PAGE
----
Sunday, September 18, 2011

Launch Day!

I'm skipping ahead in the blog posts, since I've been too busy building.  I'll post more about the last bits of construction when the sailing season is over. We successfully sailed in some light wind.  Didn't even get the wrinkles out of the sail, but was just enough wind to be great practice for the first time sailors like ourselves.  I should get more good sailing days in before it gets too cold and rainy.

The boat performed well, except ...  there was little too much weather helm I think.  I'm going to try to raise the CB slightly next time to cut down on that.  She floats a little lower than I anticipated.  Hopefully her scuppers won't be underwater with 4 people aboard.  (I'm going to test that next weekend.)  Also, the rudder vibrated at about 2Hz whenever we got up to speed.  I think it's because I didn't tighten the pivot bolt enough.  I tightened the pivot bolt and will see if that solved the problem next time out.  The rudder raising tackle needs some tweaking too.

I lost a bolt that attaches the boom vang, so I couldn't test that out.  I will next weekend though.

The neighbor snapped a pic of us driveway sailing on launch day.

Just arrived at the boat ramp.  The locals have a different philosophy regarding the size of a towing rig.
I felt the need to decorate the tow rig so it would appear more legit.

After the mast is stepped in the parking lot, the tow rig pulls around to the boat ramp.
Easing her into the water for the first time.

Bobbing up and down at the dock for the first time.

She floats high enough to not take water through her transom scuppers.  Whew!

Not enough wind to take the wrinkles out of the main sail.
The wife at the helm.

The wife tending the jib sheet.  She's on the leeward side since there isn't much wind.

Sailing by south waterfront of downtown Portland.

Saturday, August 13, 2011

Mast Hardware

I've been working on the boat a lot recently.  I'm rushing to get the boat in the water within a month so I can have some sailing time before winter.  Progress is slow.  I'm installing purchased hardware and fabricating some of my own.  I'm making my own hardware because some weren't available for purchase or were too expensive.  I bought a 1 ft X 2 ft sheet of 16 gauge stainless steel for numerous pieces of hardware.  I cut out the steel using an angle grinder with metal cutoff wheel.  To bend the steel, I clamped the steel to a piece of wood or to the side of the workbench and gave it some wacks with a mallet.  I didn't take any pics of this process, probably because I was in such a bad mood while doing it.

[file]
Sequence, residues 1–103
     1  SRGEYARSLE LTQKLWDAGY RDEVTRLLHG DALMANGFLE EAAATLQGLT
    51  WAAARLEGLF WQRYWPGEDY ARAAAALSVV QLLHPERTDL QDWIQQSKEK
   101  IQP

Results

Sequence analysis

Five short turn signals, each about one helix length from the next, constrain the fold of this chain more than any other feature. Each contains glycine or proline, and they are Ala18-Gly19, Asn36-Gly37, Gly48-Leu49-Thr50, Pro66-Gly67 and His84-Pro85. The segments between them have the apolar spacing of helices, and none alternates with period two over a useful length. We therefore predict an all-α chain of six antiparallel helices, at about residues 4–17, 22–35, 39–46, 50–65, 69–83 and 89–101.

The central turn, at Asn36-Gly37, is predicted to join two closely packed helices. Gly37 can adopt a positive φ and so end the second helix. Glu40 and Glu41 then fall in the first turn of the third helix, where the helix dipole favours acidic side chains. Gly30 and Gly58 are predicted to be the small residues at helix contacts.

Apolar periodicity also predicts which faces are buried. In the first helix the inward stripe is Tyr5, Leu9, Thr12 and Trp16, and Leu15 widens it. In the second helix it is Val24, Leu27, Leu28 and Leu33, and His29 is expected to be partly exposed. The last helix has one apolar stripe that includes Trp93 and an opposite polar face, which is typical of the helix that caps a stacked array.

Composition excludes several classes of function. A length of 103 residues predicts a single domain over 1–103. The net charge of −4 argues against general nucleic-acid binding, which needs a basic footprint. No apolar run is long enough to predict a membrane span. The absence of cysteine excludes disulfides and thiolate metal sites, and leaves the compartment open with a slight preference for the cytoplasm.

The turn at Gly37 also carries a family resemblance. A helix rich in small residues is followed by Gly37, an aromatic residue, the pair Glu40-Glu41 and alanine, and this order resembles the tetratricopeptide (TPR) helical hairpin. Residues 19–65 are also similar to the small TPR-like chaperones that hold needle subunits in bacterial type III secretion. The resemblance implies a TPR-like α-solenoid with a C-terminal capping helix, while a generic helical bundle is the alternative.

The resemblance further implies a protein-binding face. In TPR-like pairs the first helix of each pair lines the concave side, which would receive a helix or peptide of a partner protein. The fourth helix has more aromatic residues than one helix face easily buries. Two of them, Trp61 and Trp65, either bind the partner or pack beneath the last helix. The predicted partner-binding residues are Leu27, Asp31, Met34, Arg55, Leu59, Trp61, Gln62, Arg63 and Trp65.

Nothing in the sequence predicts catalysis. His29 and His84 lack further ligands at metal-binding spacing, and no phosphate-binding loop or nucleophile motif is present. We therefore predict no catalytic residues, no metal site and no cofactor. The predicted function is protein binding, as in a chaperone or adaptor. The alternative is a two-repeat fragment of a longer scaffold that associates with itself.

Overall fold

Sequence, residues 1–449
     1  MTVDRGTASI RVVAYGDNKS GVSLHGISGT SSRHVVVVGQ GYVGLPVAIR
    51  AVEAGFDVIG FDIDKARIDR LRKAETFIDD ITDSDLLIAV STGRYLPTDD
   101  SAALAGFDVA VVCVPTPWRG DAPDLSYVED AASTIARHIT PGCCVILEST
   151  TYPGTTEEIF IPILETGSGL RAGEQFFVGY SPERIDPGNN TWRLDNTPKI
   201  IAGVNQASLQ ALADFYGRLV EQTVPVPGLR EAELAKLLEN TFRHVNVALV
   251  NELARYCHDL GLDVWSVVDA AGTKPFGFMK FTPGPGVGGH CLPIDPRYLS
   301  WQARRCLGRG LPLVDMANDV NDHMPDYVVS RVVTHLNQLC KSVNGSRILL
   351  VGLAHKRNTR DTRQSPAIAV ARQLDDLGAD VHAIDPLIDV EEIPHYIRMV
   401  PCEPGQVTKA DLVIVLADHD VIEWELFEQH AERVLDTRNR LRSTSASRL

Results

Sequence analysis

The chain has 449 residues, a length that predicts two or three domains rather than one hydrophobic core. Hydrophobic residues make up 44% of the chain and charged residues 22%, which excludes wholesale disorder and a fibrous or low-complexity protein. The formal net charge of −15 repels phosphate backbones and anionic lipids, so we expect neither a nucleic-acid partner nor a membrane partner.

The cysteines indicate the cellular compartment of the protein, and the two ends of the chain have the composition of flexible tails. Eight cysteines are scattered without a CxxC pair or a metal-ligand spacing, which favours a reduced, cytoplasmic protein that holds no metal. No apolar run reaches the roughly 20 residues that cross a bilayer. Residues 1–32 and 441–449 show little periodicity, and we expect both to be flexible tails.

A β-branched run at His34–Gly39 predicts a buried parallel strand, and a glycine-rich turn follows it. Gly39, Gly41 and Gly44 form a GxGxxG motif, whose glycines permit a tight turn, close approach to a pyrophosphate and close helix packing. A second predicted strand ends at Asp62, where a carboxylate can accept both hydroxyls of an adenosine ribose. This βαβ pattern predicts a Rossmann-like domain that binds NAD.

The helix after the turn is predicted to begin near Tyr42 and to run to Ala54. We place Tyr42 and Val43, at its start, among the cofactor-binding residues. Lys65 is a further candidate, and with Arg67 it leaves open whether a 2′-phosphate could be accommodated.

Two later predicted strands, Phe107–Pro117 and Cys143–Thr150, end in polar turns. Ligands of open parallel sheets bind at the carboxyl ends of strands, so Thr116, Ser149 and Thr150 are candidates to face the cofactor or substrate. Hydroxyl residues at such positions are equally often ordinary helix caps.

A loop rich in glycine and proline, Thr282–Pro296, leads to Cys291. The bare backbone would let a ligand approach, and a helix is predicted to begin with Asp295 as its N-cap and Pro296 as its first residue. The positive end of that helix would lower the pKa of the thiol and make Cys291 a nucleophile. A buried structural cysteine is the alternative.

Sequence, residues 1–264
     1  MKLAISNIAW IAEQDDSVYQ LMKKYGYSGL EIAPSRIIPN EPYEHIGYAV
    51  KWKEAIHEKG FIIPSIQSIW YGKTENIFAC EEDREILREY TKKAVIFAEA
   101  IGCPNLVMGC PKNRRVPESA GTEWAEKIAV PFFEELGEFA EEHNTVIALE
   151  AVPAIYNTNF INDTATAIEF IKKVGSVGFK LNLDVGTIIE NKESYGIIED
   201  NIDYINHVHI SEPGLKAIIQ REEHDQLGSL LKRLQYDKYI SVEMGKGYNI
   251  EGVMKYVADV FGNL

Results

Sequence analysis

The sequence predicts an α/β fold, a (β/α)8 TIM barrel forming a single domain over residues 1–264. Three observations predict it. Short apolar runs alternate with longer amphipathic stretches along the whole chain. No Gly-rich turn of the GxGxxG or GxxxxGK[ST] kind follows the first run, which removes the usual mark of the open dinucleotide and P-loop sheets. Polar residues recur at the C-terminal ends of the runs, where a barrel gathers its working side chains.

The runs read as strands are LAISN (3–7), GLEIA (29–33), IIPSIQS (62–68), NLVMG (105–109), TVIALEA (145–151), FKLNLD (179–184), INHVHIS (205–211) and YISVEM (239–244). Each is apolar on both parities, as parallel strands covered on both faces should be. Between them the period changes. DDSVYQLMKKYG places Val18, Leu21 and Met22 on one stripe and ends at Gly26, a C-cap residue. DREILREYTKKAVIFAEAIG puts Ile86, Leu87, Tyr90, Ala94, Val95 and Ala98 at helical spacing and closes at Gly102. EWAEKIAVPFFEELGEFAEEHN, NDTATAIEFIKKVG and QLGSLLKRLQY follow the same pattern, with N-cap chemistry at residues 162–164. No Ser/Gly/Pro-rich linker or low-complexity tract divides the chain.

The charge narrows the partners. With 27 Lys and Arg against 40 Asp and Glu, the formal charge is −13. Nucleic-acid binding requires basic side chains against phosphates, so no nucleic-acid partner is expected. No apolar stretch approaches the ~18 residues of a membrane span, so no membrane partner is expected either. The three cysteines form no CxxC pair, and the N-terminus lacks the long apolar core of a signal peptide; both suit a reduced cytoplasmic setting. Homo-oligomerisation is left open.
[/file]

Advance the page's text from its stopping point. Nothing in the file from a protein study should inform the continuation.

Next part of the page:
Below are some pics of some of the hardware installed.  Later, when the boat is nearing completion, I'll describe how everything works in more detail.  (Well, maybe after the sailing season is over).  Until then, you'll have to figure it out based on my vague descriptions and close-up photos.

At the top of the mast is a sheave wheel (right above the mainsail slot) for the main halyard (the line that raises the main sail).  I made this piece.  This piece, like everything but the smallest of hardware, is through-bolted to secure it since the loads on it are large.  The block on the side is for the topping lift line that holds the boom horizontal when the mainsail isn't raised.

Homemade masthead fitting for wood mast